Whether it’s your hypercritical in-laws, your hostile roommate, or your controlling sister - it can feel impossible to get along with certain folks! Let’s assume that for now this difficult person is going to be in your life. How might you improve your interactions with this person when things get toxic?
An important key to remember is that if you become reactive with a reactive person you are almost guaranteed to make the situation more volatile, risk tempers spiraling out of control, and reduce your chances of getting what you need and want. Of course when your sister is raising her voice and speaking in a mean-spirited way, it’s not easy to remain calm and centered. Reactivity can be contagious! It may feel good in the moment to raise your voice and say something hurtful back, but this rarely contributes to the ongoing relationship and fallout from an escalation may create a large rift that is difficult to recover from.
When you find yourself feeling reactive and on edge of losing your control- SHAKE UP THE DIRECTION OF THE CONVERSATION. This could be as minor as changing the subject or as large as stating that the conversation is moving into unhealthy territory and it's time to stop for now so you both can calm down.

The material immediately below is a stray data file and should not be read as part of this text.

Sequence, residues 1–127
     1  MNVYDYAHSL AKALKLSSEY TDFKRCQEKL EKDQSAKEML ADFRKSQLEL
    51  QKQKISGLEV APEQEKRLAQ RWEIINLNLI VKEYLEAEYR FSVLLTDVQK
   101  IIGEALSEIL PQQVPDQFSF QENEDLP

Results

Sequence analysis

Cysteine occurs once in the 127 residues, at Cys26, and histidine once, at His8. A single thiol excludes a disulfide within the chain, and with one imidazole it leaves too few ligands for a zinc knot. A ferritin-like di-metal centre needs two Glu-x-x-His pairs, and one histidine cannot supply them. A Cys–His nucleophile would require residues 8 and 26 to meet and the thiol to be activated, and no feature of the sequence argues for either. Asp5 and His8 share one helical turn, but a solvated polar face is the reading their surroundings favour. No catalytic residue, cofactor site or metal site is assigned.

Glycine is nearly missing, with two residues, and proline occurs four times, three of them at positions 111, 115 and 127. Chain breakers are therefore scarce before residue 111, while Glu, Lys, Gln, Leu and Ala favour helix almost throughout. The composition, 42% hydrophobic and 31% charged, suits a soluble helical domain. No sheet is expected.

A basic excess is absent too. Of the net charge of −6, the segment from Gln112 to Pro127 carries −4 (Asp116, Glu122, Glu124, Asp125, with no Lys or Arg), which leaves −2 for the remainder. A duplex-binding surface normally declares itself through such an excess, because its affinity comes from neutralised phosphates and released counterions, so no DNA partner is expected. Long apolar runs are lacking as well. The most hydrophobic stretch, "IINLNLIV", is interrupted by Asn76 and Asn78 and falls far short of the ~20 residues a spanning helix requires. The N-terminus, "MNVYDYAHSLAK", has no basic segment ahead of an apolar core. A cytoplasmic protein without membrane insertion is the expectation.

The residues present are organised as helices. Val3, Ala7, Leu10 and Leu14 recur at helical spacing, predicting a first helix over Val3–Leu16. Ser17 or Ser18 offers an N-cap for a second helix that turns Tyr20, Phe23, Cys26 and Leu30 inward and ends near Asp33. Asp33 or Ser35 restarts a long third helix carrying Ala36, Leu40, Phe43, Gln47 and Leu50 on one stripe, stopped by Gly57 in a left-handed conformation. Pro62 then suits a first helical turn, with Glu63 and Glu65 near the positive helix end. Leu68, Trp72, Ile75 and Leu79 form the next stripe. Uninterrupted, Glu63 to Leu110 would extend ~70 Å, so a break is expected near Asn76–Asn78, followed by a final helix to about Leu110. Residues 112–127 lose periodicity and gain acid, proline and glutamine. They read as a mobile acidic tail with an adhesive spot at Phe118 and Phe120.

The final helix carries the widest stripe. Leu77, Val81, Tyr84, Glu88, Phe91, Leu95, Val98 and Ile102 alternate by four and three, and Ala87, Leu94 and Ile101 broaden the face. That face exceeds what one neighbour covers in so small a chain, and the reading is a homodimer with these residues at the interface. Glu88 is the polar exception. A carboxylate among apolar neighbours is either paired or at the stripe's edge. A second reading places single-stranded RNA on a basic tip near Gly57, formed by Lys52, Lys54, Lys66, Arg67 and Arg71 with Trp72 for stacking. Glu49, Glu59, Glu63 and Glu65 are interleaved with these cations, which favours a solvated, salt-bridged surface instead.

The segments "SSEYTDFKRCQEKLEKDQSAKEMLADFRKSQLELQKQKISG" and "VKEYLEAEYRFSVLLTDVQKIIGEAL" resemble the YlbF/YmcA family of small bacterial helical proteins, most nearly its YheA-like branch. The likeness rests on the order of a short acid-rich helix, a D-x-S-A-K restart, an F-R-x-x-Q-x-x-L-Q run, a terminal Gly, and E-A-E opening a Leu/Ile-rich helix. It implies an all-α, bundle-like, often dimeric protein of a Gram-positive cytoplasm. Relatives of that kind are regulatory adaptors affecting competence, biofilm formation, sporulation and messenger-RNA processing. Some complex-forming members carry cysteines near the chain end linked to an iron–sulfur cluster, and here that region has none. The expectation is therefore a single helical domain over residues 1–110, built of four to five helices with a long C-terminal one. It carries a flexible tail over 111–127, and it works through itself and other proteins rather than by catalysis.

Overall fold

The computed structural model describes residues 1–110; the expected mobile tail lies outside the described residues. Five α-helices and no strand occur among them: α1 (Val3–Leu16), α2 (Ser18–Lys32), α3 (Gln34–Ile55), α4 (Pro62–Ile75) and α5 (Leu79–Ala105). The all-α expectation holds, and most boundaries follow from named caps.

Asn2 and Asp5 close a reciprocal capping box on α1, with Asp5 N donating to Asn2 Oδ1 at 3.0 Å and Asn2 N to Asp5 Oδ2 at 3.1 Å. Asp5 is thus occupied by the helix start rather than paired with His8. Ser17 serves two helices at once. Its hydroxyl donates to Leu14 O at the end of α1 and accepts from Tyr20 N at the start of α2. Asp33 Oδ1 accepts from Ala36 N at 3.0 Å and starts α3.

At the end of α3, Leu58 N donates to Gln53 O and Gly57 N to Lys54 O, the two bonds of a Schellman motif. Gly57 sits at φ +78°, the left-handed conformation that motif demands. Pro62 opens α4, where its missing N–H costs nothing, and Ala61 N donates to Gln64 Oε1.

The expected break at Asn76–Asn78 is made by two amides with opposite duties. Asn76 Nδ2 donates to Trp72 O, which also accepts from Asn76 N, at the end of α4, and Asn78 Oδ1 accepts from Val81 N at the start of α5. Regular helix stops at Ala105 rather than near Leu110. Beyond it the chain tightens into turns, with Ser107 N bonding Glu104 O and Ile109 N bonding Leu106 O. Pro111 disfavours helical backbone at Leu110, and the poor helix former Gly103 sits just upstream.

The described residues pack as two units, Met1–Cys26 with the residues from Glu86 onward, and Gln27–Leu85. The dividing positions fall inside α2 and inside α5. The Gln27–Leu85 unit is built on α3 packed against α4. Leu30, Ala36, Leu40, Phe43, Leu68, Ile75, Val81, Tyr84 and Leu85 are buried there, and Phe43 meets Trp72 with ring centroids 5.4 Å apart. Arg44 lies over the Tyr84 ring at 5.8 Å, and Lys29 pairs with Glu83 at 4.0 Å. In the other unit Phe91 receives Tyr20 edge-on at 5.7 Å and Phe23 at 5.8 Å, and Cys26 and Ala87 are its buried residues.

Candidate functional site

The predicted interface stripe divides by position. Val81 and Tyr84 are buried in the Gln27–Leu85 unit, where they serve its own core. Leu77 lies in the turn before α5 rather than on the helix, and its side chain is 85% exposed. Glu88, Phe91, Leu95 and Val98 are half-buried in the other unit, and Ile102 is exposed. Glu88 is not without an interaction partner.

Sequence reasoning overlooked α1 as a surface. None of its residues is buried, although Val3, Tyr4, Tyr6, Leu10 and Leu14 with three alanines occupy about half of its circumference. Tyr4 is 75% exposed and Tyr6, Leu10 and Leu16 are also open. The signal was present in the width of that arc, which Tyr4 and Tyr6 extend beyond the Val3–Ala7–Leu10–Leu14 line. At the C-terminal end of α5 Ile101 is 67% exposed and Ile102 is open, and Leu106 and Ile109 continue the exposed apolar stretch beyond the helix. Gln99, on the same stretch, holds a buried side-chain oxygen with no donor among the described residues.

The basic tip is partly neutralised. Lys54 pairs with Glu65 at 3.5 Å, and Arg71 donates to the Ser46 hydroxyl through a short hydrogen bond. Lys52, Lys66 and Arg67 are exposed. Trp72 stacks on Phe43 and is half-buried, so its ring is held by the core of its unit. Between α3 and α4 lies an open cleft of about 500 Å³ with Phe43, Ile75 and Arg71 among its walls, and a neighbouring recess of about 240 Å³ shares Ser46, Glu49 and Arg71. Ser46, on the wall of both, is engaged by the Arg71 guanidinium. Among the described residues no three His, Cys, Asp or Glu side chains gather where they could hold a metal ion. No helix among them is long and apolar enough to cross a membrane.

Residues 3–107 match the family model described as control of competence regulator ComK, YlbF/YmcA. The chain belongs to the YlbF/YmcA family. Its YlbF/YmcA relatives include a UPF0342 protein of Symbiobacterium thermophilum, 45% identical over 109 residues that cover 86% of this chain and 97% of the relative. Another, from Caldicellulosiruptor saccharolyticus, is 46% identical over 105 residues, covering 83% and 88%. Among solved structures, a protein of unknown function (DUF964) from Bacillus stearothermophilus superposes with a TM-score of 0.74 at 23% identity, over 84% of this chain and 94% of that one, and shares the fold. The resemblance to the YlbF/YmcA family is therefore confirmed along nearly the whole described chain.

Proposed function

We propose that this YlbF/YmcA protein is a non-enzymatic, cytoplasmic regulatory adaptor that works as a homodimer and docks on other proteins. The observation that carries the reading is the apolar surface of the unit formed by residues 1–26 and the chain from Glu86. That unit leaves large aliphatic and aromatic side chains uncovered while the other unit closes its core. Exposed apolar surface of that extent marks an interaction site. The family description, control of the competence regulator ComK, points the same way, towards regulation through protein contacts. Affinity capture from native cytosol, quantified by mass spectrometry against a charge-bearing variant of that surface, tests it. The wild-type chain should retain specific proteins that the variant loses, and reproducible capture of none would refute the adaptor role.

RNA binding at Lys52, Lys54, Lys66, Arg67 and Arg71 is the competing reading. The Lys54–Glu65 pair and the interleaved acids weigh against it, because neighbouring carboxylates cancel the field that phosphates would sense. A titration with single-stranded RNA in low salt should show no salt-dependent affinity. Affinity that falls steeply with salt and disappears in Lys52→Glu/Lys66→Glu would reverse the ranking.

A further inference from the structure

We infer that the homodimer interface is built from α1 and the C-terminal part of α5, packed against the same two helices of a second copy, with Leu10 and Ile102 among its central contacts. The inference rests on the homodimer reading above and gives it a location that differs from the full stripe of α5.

Model and Stick to Boundaries for Acceptable Behavior
At a time when you both are calm, state your intention to get along and have a positive relationship. Then using neutral language that focuses on behaviors and not the person, offer specific suggestions. For example, if you wilt when your roommate sends verbal barbs about not cleaning the hair from the bathtub, acknowledge that you sometimes forget and will set a weekly reminder for yourself. Also state that it is very hurtful when she calls you mean names and you will not participate in future conversations that stoop to this level.
Reframe the Disagreement
If the person you are dealing with has a very strong ego or has repeatedly been difficult to reach agreements with, try a different course of action. Enlist a trusted friend or co-worker to help you brainstorm what is most important to your difficult person. It may stretch your sense of justice to cater to the needs of the difficult person but try to focus on the bottom line result- what actions, options, and methods are most likely to help you get your needs met along with this difficult person’s needs?
Set Reasonable Expectations for Results
If you have been on the receiving end of hurtful, selfish demands from your Stepdad over the past 15 years, it is not likely that he will change tomorrow. Trying for the 100th time to get him to empathize with your point of view will only increase your suffering. In such cases it may be best to minimize the length and types of interactions you have with him or only talk with him when others are around so he is less likely to try to manipulate you.